One of the primary aims of this project is to create a powerful voice of Indigenous peoples living in the area of the Daly, Katherine and Waterhouse Rivers in the Northern Territory, as well as the Lower Fitzroy River in Western Australia. We have a number of key collaborators who live in the regions for this project.
I thought I'd just include a little background to the project here, as well as an outline of the various sections. Or you can just take a tour through the pages by going here. I hope you enjoy.
'Earlier this year, I received a beautiful and heart-warming message on Facebook from two of the Sharing Culture network of Advisors/Healers, Pip Gordon and Dr Miriam Rose Ungunmerr Baumann.
"Hey David Clark, we yarned up 'Sharing Culture' and Miriam said… 'David... lets grow belonging and connection'. Love to you and your family and Carlie Atkinson and Judy Atkinson… a seed planted for a sit down together up here in Nauiyu?"
This message was sent in response to me asking Pip to check whether Aunty Miriam, a remarkable spirit-filled woman known for her reflections on dadirri, wanted to collaborate with Sharing Culture.
Pip, who lives in Katherine in the Northern Territory (NT) of Australia, and I have been slowly ‘growing’ this collaborative project since then, which we have called Voices of the Rivers.
Pip has been talking to and working with Elders and other members of local Indigenous communities. She visits Miriam in Nauiyu, Daly River - which is about 260 kms from Katherine – on a fairly regular basis.
Pip later introduced me to Miliwanga (Mel) Sandy, another eminent Elder from the region, on Skype. In a second conversation, and a following letter, Mel asked if I would help Indigenous peoples in Australia.
“I hope that in your way you might support us to allow others to hear about the lives, the culture and the many stories of Indigenous People in Australia.” Mel Sandy
I felt emotional during our Skype conversation as Mel described what is happening to Indigenous peoples. And what will happen if remote Indigenous communities are closed by the government, as they are likely to do.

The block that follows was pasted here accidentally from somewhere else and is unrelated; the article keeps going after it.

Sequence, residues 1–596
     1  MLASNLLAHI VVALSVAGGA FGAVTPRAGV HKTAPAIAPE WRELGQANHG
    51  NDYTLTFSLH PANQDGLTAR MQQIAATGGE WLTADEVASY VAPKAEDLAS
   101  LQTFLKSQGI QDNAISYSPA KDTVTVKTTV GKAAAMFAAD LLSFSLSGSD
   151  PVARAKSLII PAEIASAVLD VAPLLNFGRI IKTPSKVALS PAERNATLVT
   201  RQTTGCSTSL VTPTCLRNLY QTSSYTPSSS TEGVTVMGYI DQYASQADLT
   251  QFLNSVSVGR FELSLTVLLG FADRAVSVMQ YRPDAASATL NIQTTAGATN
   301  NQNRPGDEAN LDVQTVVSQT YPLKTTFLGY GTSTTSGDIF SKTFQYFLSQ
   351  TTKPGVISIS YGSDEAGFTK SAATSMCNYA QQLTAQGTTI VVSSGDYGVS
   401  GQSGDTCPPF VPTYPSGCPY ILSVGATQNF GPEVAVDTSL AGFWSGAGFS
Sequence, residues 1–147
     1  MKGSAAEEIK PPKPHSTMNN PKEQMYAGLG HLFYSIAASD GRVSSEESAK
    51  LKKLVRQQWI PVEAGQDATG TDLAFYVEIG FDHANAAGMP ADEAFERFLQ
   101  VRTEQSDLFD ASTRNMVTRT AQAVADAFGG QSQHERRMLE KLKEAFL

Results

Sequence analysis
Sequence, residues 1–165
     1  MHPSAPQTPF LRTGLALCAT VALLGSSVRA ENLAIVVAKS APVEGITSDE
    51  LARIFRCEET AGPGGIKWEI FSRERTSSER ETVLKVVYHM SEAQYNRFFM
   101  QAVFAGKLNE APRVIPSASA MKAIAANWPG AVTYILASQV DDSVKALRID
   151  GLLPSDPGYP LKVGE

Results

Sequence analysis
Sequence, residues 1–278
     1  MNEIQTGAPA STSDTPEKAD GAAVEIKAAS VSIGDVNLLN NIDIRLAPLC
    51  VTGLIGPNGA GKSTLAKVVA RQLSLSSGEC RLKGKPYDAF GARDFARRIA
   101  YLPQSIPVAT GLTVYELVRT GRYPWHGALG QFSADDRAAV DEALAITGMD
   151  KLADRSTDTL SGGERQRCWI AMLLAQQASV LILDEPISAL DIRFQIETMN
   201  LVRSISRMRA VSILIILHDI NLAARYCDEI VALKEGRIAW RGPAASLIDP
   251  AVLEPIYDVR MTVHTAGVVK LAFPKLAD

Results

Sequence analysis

I was touched by Mel’s statement, “I am most honoured to be heard by you and feel grateful and thankful for our connection.”
I have to say that I felt a very strong connection as Mel talked to me on Skype. I felt her pain and the fear of her peoples about their future. I know what I must do and I feel it is like a calling. I am planning that Voices of the Rivers is a long-standing Sharing Culture project.
This project will not just be about helping Indigenous peoples. It will be about me listening to, and learning from, Indigenous peoples. And disseminating the knowledge and understanding I acquire to as many people as possible.
In May-June, I spent 18 days in the Northern Territory (NT), meeting Miriam, Pip, Mel and others who I hope with participate in the Voices of the Rivers project. I had an amazing and moving experience.'
Voices’ Collaborators: Brief biographies of our main collaborators: Miriam Rose Ungunmerr Baumann, Pip Gordon, Miliwanga (Mel) Sandy, Margaret Katherine, Tom E. Lewis and Anne Poelina.
My initial visit to the NT: I recently spent 18 days in the Northern Territory, first as part of a Cultural Tour to Nauiyu, then in Katherine and at the Barunga festival. Hear about my experiences.
Dadirri and dadirri film: Read about dadirri, as reflected upon by Miriam Rose Ungunmerr Baumann, and see a short film produced by Miriam and Pip Gordon, with support from DLAB in Sydney and Djilpin Arts in Katherine.
Adversity: The adversities faced by Nauiyu, as written by Clare Martin (former NT Chief Minister), and described in an ABC article.
Wellbeing and healing: The holistic Indigenous view of wellbeing, which is richer than western culture’s ‘mental health’, and what trauma expert Bruce Perry has to say about Indigenous healing practices and their positive impact.